(Italics are the interviewer’s own reflections)
Tracey has always held an ethereal quality for me. Ever dressed in gorgeous flowing creams and whites, a hint of sparkling glitter and perfume that trails in her wake, this tall lady in heels would not perhaps elicit one to guess at first a vocation in barefoot shiatsu.
Yet it is hard for me now to imagine her otherwise for she ever holds this station with a simple poise and ease that translates into the natural beauty of one who is on their path. As one of her students I have been deeply touched by her authenticity and grace in the art and will ever be grateful for the unfolding of events that brought her to shiatsu…Last night, wrapped in a shawl and sitting in view of the fire a world away from Melbourne, I had the privilege of conversing with Tracey who, with more than 20 years of commitment to shiatsu, is a long standing and much loved teacher and practitioner in the Australian shiatsu community.

“I was still nursing when I first heard about shiatsu,” Tracey tells me. Her partner at the time had friends in complimentary therapies who first introduced her to such practices as siddha and oki-do yoga with Takao that had its own shiatsu component. And then, one day, someone mentioned that there was a college in Fitzroy, George St where you could qualify in shiatsu. Disillusioned with nursing Tracey had already began exploring these forms of yoga and, loving the peace and calm she was experiencing within, she found herself opening up to new possibilities. However, there was something deeper unfolding the day that Tracey walked into the shiatsu college in Fitzroy.

“It wasn’t really that I had planned to go to the college; I just happened to be in the area.” Yet, as it so happened the shiatsu course was beginning that night. Perhaps the real moment of serendipity though was when Tracey crossed paths with one of the college Directors, Vivienne Renzella.

“I first knew Vivienne as Vicky,” Tracey tells me and relates how Vivienne had seemed to instantly reflect exactly what Tracey was thinking on that first meeting when she asked with genuine curiosity “what brought you here?” Yet despite the uncertainty in the air as to whether Tracey would stay, the connection made in that moment became the answer to that unspoken question.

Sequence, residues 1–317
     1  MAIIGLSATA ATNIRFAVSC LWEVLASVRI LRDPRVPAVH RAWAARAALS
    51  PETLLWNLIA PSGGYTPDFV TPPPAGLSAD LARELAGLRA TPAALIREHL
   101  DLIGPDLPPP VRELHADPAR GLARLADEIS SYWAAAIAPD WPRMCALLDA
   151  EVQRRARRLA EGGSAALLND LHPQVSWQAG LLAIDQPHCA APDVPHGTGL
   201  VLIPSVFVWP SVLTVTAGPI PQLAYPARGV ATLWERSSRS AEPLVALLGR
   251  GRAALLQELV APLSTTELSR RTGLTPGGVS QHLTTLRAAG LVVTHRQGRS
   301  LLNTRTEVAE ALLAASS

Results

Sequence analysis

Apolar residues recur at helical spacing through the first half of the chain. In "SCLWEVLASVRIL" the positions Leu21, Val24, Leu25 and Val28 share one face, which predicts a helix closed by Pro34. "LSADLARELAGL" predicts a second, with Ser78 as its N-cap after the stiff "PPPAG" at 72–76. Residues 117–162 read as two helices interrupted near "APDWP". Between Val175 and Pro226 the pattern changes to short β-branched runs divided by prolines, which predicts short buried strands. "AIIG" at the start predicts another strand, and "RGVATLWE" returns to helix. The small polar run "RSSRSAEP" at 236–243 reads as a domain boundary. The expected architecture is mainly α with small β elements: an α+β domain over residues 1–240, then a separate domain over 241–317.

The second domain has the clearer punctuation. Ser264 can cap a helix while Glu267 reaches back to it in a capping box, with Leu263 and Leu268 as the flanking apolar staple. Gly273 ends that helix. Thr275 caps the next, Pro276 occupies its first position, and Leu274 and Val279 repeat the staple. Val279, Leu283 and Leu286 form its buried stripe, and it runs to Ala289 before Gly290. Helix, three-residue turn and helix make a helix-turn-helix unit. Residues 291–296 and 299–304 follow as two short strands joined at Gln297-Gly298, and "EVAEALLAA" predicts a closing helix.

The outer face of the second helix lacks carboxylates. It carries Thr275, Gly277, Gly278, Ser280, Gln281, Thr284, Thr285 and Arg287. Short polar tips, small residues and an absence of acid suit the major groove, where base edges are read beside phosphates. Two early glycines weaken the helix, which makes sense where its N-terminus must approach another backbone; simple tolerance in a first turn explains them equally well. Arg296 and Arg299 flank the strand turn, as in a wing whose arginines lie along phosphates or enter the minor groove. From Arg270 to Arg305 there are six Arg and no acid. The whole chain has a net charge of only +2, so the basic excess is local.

“I was unsure whether shiatsu was what I wanted to learn,” Tracey explained. “It was Vivienne’s presence that made me feel that it would be a good idea to stay.” Tracey laughs as she recounts how Vivienne sent her out immediately to buy a tracksuit for the class.

“I had never owned a tracksuit,” Tracey said “and so I looked at what Vivienne was wearing and came back to class with a purple one. “No one else was wearing anything remotely like it.”

I smile as I try and imagine Tracey in a tracksuit – purple to boot. “What change would you say shiatsu has had on your life?” I ask.

“Transformative,” is Tracey’s reply. “It really changed my life.” In retrospect she tells me how pre shiatsu and TCM she felt one dimensional relative to the 3D feel she experiences now. The way she describes her world before shiatsu sounds as if she felt she had less conscious choice over the direction of her life.

“I may just have stayed in nursing, possibly I would have moved out of paediatrics or perhaps made a more extreme change into fashion,” (I see her eyes sparkle in my mind). Yet after all these years in shiatsu Tracey speaks now of ‘informed choices’ and how it gave her answers that she hadn’t found through Western medicine.

“Shiatsu and TCM should be taught in school. It teaches you how you work; how you fit into everything else and develops an awareness of self in relation to the external. It empowers you to experience how everything is related. Before I had questions and no answers. Shiatsu gives us answers. We learn so much in school – what if we learnt of the self at a young age?” There is a pause as we reflect on what such a world would look like…

This then opens the gate into what these insights into self have changed more specifically for Tracey in day to day life…

“Food choices,” is Tracey’s first reply. “I had no idea about diet before shiatsu,” she tells me. Amazing isn’t it? I reflect, as I also have a background in health sciences, albeit with animals, and yet I distinctly feel an echo of the same truth within. Tracey goes on to explain how she gained understanding such that she began to realise she had the choice to make significant changes in her body just through diet.